On a brisk, beautiful sunny September day, TLC staff took a trip to Tofino to monitor the exquisite Clayoquot Island Preserve. The island has seen many changes, having once been the major town complete with post office and hotel before Tofino’s population grew. Thankfully, for nature lovers, Clayoquot Island (aka Stubbs Island) was bought by Susan Bloom who immediately recognized its value and endeavored to protect it from further development as well as restore it back to its natural beauty. Bloom registered a conservation covenant with TLC on approximately 93 acres of Clayoquot Island in 2007, but the rest of the island is now protected as well – the Nature Conservancy of Canada is the proud new owner of 93 acres of the island, having received it by donation in 2015 from Bloom.
The 93 acres contains mixed old-growth and mature second-growth coastal western hemlock forests, and a significant stretch of oceanfront with sand dunes and eelgrass beds, boasting visits from great blue herons, black oystercatchers and Pacific geoduck, as well as a wolf or two from time to time.
On TLC’s recent monitoring visit, a wolf was indeed on the island but fortunately (or unfortunately, depending on your love of wolves!) none were seen. However, their presence was known due to the scat found on the island’s boardwalks! TLC staff were joined by the long-time island caretaker who has painstakingly watched over the island for over 30 years. Chris has seen it all on this island – entire patches of forest grow where none were before; befriended wolves and other creatures like the adorable squirrel who stole walnuts and hazelnuts from our tea tray while in Chris’s home; watched sunflowers plant themselves on random beaches across the island, ever hopeful to make a go of it; laboriously constructing and reconstructing the boardwalks that allow access to much of the island, and so much more. All while simultaneously gathering seaweeds and herbs to create beautiful soaps, right in their backyard!
The real magic of Clayoquot Island is being there, which is why Chris’s stories and experiences over the past 30+ years are so riveting. Where else can time essentially stand still, or even go backwards? Removing tonnes of waste materials from the island is no small feat, and allowing natural processes to thrive while simultaneously cultivating a garden straight out of Anne of Green Gables is nothing to sniff at either. TLC can’t thank Chris and Sharon enough for their lifetime of stewardship over this very special place.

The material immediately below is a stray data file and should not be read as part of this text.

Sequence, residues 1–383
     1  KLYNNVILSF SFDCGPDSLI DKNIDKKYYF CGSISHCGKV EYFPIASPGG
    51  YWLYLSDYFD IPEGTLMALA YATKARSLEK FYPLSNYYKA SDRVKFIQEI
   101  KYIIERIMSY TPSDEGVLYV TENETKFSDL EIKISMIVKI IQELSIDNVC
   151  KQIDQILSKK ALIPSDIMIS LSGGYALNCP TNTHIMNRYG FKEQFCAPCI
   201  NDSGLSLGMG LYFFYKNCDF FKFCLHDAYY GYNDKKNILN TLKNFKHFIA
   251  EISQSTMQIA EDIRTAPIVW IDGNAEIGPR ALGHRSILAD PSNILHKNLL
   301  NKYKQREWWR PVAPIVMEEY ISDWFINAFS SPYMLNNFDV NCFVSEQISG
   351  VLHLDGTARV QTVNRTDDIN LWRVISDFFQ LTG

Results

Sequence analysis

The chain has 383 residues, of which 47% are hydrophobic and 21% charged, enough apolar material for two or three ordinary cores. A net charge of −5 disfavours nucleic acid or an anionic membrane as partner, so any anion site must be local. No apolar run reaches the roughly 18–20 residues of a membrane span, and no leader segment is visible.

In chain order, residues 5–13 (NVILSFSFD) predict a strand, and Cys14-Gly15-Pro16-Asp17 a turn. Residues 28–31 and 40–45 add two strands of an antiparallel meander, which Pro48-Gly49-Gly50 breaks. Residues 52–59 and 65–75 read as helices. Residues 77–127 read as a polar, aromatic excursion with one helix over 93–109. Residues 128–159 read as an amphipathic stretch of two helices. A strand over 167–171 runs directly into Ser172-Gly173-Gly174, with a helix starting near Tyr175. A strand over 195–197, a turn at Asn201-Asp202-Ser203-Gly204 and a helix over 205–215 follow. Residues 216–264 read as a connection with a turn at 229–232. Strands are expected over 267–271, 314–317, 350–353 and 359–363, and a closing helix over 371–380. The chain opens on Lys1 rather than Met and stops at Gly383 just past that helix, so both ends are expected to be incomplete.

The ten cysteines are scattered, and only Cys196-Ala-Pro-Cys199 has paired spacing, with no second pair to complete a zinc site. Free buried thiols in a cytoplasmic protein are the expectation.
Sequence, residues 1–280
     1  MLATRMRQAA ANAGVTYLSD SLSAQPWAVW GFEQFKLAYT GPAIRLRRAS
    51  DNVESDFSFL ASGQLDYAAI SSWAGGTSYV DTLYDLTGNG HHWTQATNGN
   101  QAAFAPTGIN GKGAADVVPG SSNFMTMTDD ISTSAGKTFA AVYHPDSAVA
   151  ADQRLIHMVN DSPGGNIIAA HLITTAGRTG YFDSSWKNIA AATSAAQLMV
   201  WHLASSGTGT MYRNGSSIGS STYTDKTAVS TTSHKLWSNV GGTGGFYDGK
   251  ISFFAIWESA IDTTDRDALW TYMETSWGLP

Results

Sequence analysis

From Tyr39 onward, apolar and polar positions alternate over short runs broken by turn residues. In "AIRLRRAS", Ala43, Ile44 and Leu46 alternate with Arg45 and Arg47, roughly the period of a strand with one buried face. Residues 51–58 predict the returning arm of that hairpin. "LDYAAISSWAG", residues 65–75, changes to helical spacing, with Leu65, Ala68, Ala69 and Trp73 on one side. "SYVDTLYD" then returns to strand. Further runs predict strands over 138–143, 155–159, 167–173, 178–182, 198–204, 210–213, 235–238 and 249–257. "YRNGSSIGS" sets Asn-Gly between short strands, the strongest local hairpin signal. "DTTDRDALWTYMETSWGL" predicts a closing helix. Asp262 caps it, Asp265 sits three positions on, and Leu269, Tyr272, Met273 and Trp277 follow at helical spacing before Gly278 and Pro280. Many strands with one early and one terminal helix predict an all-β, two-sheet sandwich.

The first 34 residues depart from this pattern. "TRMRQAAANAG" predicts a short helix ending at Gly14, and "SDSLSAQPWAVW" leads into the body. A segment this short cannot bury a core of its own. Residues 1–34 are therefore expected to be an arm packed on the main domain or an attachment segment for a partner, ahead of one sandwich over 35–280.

The monitoring visit enchanted us with forests dripping in moss, beaches with an incredible diversity of seaweeds, caves with rare crickets inside, and trees so large you can’t possibly get a good picture of them. As the island is on the west coast, it unfortunately sees a fair amount of garbage drift in, but this is carefully picked up every day when Chris does his rounds. In fact, one piece of “garbage” Chris found is the boat he uses most often, lovingly nicknamed “Deathtrap” on account of the salvager wondering why Chris wanted such a deathtrap of a boat. With a very shallow base, Deathtrap allows its captain the ability to get far into shore without scraping too much on the bottom. There is a purpose for everything, even the garbage of Clayoquot Island.
TLC gratefully looks toward our next monitoring visit on Clayoquot Island and are very proud to continue to help protect this ecologically and culturally significant island.
Those who would like to visit this gem of an island can do so on the May long weekend; the only time the island is open to the public.